Louisiana Gov. John Bel Edwards has vetoed bipartisan legislation that would have nixed the permit requirement for carrying a concealed handgun.
The governor, a Democrat, said he’s a strong supporter of the Second Amendment and an “enthusiastic outdoorsman and hunter,” but he can’t support permitless concealed carry.
“I simply cannot support carrying a concealed carry firearm without proper education and safety training,” he said in a statement. “Our current system strikes the right balance of ensuring that people can bear arms while also keeping reasonable permitting and training processes in place. … Simply put, it is not too much to ask that a person who wishes to carry a concealed weapon in public be required to attend basic marksmanship and safety training so they understand the regulations associated with such an action.”
“For these reasons, I have vetoed the permitless carry bill.”
The bill, Senate Bill 118 (pdf), allows any resident who is 21 years of age or older and who is not prohibited from owning a firearm by state or federal law to carry a concealed gun without a permit. Legally qualified gun owners “shall not be required to possess a valid concealed handgun permit issued by the state of Louisiana … to carry a concealed handgun in the state of Louisiana,” the bill states.
The bill also requires the state Department of Public Safety and Corrections to provide a free 60-minute online concealed handgun education course.
The scope of the online training includes sections on concealed handgun basics and nomenclature, firearm-free zones, use of deadly force, and interactions with law enforcement officers.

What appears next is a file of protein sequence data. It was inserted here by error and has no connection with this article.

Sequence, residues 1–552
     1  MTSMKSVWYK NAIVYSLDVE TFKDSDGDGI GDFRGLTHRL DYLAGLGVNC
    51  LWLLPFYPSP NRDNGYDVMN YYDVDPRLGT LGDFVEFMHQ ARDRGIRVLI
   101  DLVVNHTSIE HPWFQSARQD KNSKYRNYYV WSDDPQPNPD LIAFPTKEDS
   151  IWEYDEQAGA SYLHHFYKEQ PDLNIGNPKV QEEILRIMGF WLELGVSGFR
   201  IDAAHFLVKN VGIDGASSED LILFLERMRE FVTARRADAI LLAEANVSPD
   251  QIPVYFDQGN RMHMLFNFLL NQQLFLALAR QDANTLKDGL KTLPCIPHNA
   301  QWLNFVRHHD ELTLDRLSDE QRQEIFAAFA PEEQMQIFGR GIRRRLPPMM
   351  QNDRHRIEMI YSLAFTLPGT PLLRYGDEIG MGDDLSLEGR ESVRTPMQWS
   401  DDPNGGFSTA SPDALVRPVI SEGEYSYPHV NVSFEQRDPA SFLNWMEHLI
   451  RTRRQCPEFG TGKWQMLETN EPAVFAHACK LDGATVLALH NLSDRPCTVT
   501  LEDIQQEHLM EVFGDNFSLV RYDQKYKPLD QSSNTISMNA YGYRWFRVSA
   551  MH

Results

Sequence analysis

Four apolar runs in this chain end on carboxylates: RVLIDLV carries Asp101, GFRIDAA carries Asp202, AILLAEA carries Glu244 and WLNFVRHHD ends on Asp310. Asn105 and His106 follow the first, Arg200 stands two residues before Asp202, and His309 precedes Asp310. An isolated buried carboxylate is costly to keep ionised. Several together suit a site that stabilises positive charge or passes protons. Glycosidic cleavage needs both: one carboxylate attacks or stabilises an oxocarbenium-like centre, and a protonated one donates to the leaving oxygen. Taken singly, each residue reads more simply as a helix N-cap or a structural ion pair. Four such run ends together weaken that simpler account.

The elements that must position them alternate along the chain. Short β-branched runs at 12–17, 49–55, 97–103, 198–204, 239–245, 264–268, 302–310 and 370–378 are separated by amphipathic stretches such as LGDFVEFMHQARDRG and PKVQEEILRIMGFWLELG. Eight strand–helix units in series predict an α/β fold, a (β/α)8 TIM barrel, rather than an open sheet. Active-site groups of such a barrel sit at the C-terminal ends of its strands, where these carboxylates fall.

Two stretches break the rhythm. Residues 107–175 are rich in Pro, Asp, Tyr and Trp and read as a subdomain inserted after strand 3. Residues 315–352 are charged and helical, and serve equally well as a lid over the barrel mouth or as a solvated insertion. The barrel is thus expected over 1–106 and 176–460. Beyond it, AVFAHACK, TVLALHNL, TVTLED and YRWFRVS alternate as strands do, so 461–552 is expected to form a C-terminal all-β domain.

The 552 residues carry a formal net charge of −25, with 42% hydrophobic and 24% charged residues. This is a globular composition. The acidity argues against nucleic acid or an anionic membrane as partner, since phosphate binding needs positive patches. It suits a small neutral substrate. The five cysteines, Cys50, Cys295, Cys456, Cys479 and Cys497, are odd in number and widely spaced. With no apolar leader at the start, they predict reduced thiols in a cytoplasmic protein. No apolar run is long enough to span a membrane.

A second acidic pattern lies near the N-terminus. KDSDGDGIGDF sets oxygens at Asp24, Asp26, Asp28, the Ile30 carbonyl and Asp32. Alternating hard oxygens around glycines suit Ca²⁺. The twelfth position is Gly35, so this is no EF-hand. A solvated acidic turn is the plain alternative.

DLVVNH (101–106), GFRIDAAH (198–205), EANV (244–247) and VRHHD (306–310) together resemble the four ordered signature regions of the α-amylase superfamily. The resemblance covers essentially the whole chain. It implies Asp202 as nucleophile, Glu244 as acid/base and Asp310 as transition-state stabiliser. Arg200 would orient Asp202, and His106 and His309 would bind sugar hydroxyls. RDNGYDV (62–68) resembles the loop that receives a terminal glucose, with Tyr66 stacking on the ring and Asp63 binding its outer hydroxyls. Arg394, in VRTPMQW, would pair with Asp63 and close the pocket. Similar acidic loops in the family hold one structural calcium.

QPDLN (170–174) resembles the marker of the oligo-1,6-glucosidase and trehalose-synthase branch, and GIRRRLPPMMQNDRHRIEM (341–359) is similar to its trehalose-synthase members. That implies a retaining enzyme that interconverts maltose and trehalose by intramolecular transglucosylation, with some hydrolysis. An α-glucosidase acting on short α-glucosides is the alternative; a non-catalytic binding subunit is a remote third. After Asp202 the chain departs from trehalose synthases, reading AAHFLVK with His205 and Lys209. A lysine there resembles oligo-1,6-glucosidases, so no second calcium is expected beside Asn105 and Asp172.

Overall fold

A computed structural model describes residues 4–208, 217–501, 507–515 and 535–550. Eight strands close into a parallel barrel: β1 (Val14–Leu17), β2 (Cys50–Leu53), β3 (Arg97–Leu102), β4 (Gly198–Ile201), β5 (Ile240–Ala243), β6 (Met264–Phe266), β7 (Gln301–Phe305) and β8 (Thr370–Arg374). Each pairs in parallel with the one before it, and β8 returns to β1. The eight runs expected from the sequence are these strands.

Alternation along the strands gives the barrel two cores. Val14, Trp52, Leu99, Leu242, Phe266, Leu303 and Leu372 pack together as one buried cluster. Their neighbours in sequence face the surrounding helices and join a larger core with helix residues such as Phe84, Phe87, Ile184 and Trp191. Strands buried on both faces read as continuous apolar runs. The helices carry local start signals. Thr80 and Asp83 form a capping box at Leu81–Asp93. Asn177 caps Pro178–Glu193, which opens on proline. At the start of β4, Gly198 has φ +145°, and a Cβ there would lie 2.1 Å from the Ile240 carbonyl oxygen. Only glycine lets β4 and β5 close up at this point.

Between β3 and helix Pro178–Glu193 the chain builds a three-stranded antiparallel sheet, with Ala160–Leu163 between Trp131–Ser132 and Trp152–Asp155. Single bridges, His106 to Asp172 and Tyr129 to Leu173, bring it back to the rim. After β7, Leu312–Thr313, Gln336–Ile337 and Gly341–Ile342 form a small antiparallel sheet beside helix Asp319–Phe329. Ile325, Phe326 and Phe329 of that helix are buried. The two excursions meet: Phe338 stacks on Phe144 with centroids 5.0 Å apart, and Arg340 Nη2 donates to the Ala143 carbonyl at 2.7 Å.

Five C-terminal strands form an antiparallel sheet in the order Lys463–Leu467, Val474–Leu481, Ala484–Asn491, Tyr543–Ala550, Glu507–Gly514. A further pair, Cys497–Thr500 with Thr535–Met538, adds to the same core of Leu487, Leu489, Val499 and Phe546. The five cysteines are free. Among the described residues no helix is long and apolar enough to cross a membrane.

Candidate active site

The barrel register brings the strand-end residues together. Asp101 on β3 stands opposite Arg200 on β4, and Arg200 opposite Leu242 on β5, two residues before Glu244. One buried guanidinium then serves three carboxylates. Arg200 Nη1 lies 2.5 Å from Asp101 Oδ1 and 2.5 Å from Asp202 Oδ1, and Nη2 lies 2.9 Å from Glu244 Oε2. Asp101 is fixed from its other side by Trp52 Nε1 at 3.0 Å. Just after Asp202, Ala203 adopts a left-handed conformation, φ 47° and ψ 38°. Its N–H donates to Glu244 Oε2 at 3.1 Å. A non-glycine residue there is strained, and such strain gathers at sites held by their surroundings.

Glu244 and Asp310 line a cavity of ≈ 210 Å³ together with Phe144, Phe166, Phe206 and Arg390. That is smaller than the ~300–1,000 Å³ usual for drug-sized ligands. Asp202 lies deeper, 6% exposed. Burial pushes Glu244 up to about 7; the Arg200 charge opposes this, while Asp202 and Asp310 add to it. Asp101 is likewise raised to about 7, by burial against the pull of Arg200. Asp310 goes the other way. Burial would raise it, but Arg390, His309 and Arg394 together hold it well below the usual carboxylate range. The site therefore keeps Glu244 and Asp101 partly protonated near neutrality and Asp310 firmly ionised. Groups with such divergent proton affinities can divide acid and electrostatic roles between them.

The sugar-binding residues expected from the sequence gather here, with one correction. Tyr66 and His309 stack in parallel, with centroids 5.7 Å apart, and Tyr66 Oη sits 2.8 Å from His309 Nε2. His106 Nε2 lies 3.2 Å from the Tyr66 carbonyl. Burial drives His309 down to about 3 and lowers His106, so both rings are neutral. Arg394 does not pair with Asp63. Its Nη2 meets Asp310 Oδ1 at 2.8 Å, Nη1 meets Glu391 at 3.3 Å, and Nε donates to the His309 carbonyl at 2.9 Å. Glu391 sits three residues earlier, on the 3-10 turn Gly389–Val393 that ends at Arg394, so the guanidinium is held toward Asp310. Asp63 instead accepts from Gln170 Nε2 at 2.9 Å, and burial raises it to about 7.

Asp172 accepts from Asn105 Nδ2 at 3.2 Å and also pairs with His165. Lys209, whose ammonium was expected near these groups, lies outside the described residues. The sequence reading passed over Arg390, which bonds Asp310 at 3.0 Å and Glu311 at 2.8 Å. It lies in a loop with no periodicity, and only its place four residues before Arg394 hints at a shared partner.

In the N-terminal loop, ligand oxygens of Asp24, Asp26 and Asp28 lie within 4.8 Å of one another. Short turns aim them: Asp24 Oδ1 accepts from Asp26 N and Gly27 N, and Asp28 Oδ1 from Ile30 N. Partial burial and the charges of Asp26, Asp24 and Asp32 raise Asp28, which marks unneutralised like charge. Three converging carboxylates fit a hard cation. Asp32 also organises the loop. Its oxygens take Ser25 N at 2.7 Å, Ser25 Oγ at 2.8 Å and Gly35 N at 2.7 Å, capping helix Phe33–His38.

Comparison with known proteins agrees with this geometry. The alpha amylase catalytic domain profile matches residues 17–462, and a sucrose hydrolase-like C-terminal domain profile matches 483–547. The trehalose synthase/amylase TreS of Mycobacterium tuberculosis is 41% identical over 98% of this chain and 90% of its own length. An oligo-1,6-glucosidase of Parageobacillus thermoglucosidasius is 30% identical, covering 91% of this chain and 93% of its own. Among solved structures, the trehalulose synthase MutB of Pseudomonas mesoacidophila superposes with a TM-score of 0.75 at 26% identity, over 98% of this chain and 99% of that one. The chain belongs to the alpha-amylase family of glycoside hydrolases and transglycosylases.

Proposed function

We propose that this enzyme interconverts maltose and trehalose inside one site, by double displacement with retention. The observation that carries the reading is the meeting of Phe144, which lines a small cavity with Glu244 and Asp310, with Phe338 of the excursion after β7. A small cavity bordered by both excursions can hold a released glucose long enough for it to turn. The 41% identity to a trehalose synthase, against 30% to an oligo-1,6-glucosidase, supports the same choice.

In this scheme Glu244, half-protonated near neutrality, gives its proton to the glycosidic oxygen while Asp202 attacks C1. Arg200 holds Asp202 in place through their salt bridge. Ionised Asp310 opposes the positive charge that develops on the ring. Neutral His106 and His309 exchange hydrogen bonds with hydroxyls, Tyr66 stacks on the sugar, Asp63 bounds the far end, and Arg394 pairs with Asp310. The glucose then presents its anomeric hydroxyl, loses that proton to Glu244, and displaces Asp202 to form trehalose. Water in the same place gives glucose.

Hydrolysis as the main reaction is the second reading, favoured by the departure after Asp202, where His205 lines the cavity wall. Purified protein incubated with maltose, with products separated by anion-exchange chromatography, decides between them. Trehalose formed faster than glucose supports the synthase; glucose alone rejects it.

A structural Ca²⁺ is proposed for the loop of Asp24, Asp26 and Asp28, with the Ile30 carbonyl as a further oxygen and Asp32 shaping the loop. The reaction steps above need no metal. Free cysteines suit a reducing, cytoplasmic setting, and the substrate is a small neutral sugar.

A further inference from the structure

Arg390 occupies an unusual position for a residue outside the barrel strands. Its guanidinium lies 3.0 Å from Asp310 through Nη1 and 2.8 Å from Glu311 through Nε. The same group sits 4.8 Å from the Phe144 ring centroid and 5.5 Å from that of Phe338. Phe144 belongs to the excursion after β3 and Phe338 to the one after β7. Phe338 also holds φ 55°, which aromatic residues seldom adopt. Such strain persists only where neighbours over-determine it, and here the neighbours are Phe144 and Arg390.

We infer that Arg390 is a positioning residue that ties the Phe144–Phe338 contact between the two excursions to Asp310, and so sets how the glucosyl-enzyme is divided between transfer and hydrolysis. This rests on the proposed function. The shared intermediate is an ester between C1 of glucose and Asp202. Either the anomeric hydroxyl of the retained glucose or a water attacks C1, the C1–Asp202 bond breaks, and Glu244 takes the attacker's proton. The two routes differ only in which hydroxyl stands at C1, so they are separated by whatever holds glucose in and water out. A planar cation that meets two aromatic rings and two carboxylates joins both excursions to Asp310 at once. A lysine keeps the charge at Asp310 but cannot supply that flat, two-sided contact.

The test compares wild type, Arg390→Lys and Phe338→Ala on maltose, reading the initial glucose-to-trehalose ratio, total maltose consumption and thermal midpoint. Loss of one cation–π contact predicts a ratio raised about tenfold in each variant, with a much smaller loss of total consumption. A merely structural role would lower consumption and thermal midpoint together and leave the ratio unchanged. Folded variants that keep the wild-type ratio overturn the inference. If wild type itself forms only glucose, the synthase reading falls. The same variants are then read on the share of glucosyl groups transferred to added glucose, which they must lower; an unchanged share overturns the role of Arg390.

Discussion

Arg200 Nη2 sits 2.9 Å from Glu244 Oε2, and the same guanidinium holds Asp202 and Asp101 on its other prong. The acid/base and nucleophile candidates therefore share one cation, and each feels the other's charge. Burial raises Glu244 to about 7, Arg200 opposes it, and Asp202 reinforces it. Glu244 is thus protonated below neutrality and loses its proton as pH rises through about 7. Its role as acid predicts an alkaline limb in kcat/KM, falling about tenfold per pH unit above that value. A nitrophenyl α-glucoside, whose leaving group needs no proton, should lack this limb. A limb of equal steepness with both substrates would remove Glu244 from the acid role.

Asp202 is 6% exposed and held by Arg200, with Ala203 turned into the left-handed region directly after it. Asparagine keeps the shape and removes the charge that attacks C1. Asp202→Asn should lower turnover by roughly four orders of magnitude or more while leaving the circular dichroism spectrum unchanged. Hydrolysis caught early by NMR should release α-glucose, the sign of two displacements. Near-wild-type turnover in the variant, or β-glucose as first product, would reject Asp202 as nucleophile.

However, the course isn’t required for concealed handgun carry.
State Sen. Jay Morris, the Republican sponsor of SB 118, told the Lafayette Daily Advertiser that he wasn’t surprised but was still disappointed by the governor’s decision.
“The people of Louisiana want it and hopefully, we will join our neighbors, like Texas and Mississippi, and pass constitutional carry with or without the Governor’s signature,” he said.
The bill was passed in the state Senate and House with bipartisan support. One Democratic senator and seven Democratic House members joined Republicans to vote for the bill.
State Senate President Patrick Page Cortez and state House Speaker Clay Schexnayder didn’t respond to requests for comment by press time.
It’s unclear if the state Senate and the House will seek to override the veto.
However, Schexnayder said earlier this week that he supports a veto override session after Edwards vetoed an unrelated bill, The Lafayette Daily Advertiser reported.
The override session—which could happen at the end of July—would be the first one since the new Louisiana Constitutional was adopted in 1974.
The National Rifle Association didn’t respond to a request for comment by press time.